Saturday, June 2, 2012

Perfectly Imperfect

Late night quilting (3rd grade quilt #2)
This past November I worked on some sewing with the two 3rd grade classes at my daughter's school. They were learning about pioneers so we thought it would be a fun way to incorporate quilt-making. We talked about how the pioneer women made quilts and then we did some math too. Math is always a part of quilting!

The class quilts were put together over a few lessons using some fabric scraps donated by one of the teachers. Each of the students cut a square piece of fabric into fourths and then exchanged quarter squares with other classmates to make a 4 x 4 block.
3rd grade quilters

Once their blocks were sewn together, we added a white border/frame. At this point, it wasn't possible to have every student sew, so a few students from each class were chosen to add the sashing between each framed block to make rows.Sashing

After the rows were completed, I took over and completed the quilts. The students all did a great job sewing and each block is uniquely made--that is exactly what makes these quilts perfectly imperfect!

This is the quilt made by my daughter's class:
Front of the class quilt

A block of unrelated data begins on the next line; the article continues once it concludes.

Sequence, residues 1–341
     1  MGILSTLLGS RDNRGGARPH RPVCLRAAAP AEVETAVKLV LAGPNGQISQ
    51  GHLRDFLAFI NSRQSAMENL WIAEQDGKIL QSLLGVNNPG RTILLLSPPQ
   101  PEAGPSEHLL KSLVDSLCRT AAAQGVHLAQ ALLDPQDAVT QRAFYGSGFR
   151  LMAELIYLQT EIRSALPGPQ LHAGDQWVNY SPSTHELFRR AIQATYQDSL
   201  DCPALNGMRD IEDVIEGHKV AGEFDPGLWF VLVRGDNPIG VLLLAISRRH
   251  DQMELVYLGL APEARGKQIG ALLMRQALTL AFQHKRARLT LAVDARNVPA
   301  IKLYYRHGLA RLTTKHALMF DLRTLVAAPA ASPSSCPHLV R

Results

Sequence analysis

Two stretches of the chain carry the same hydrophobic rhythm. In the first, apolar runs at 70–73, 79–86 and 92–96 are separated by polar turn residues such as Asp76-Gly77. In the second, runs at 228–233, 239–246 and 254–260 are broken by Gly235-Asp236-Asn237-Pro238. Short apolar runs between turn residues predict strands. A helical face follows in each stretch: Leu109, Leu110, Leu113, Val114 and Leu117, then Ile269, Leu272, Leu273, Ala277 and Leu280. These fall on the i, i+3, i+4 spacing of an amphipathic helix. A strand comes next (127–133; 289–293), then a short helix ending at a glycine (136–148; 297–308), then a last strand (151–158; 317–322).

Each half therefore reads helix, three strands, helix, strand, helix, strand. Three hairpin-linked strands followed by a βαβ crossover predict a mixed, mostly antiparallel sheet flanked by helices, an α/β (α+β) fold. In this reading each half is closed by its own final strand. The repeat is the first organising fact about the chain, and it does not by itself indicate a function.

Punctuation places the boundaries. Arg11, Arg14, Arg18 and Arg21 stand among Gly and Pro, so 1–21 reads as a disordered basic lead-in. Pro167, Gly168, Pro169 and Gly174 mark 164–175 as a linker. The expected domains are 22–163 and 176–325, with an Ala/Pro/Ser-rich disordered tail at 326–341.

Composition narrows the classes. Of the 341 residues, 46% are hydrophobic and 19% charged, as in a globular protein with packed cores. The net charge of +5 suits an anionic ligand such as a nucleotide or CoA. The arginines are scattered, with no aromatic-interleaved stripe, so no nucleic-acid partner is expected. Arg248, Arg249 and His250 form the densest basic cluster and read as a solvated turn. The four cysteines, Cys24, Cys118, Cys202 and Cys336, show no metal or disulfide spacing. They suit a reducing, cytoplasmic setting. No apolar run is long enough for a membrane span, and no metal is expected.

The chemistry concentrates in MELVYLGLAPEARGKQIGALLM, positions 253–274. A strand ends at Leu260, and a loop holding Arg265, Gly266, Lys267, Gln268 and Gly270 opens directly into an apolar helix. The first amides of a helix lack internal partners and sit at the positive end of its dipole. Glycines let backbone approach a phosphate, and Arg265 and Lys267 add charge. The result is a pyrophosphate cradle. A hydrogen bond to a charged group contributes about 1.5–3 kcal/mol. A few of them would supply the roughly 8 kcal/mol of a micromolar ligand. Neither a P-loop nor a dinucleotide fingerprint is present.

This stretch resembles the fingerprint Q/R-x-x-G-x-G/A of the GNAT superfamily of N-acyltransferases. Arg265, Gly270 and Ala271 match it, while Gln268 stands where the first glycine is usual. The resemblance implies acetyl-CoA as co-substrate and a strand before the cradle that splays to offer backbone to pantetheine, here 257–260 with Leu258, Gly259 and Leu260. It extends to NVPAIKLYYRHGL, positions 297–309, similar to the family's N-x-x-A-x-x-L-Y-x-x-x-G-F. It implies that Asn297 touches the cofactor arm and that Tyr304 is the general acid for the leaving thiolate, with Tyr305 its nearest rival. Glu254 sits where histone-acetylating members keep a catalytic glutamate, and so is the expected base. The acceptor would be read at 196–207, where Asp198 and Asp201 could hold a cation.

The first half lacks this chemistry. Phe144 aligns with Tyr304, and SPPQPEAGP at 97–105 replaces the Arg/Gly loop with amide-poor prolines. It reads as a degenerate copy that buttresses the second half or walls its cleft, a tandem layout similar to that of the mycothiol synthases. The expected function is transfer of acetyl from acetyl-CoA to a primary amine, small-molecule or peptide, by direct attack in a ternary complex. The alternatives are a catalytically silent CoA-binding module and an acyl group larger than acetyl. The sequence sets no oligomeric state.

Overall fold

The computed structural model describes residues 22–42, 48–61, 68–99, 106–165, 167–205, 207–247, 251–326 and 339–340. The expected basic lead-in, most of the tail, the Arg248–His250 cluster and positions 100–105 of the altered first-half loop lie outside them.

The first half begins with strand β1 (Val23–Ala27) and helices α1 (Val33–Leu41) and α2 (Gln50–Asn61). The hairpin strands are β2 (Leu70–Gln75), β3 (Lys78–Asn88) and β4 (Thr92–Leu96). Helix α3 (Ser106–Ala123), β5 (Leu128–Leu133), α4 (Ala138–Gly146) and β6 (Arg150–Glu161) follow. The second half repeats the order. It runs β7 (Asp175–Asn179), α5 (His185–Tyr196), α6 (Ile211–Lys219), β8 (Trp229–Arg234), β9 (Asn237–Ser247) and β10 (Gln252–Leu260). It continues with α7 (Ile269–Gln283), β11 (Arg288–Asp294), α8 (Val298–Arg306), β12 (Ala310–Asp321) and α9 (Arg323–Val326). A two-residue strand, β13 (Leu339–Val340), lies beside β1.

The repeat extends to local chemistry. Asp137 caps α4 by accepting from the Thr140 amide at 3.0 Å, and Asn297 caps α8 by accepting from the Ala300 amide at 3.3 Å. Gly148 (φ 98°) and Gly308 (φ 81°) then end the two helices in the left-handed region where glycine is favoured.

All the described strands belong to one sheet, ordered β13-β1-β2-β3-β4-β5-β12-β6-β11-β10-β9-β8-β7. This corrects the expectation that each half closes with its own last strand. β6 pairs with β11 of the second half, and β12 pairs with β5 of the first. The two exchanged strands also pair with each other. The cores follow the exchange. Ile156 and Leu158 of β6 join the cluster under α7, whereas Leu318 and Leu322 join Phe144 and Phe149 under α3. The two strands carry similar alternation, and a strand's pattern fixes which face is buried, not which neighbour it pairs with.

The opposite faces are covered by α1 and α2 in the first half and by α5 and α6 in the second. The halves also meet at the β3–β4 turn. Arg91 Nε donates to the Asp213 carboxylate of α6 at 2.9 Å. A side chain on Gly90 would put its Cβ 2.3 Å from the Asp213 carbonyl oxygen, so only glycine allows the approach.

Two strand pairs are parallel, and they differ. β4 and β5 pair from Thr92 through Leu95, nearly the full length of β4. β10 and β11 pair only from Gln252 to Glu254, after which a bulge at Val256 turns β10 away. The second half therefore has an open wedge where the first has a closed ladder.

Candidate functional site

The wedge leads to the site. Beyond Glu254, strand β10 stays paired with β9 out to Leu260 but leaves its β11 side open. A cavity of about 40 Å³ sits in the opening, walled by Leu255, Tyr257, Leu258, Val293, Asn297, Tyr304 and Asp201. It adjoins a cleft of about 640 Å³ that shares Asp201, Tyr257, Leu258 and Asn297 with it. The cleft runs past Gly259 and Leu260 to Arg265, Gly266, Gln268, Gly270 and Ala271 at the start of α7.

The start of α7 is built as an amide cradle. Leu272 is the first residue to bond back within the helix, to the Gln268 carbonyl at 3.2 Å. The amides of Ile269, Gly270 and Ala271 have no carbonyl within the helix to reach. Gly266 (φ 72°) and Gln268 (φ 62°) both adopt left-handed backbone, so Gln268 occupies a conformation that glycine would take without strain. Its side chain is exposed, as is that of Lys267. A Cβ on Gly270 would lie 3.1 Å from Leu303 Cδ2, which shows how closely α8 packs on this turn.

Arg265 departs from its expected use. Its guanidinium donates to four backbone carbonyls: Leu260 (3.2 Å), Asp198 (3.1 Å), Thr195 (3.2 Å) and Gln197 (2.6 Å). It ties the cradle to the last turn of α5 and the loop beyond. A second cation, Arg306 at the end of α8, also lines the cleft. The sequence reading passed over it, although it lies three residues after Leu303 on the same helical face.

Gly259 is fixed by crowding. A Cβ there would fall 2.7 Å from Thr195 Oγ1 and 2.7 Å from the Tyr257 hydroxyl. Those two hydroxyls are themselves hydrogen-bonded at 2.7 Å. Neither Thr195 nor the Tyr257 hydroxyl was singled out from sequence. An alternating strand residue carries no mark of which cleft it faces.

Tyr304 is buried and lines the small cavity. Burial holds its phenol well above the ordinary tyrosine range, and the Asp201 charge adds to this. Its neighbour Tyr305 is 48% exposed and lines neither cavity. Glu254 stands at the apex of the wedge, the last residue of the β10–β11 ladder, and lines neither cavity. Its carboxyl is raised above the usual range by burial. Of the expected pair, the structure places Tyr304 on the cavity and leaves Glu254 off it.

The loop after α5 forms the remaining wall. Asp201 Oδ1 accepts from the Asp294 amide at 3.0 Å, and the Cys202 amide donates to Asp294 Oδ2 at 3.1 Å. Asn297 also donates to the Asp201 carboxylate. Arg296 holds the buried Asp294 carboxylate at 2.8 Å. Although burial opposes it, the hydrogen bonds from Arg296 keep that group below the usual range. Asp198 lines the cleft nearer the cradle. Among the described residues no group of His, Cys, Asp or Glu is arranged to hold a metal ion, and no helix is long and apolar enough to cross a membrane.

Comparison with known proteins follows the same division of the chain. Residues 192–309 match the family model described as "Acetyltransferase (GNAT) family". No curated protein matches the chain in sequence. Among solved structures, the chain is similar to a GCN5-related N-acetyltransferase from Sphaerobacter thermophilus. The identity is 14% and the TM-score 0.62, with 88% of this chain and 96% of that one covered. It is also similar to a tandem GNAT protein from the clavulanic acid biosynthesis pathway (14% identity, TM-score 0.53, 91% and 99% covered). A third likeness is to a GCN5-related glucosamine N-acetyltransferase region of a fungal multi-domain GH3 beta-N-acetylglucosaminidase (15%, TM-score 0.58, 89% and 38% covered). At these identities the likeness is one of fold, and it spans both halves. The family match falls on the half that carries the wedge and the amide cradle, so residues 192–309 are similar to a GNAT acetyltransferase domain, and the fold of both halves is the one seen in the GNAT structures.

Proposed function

Backside of 3rd grade quilt
Quilt: ready to be gifted

The quilt made by the other 3rd grade class:
The front of the other quilt for 3rd grade.
The back of the 2nd quilt.
Can't forget to fold the quilt and get a pic!

The quilts were finished on the last week of school. Phew! I'm glad I was able to get them completed before summer break and I'm glad I had the experience of sewing with such a fun group of kids!

You can see more photos of the process at my Flickr set "3rd Grade Quilts 2011-2012".

Some of the good and not so good (+/-) from this sewing experience:
+I had a great help putting this quilt together--39 3rd graders, to be exact.
+The wonkiness was unique and not contrived.
+Worked with the thread and fabric I had on hand or what was given to me by the 3rd grade teacher (except fo the back of the first quilt)
+I was okay with finishing the binding by hand on one quilt and then with the sewing machine on the other--time was not on my side.

-I broke two needles.
-I wound a bobbin incorrectly and had lots of tension issues!
-I quilted unevenly but I'm still happy with the end result.

1 comment:

  1. Looks amazing! It's so nice to make quilts for school! It teaches the kids so much about math, patience, and colors!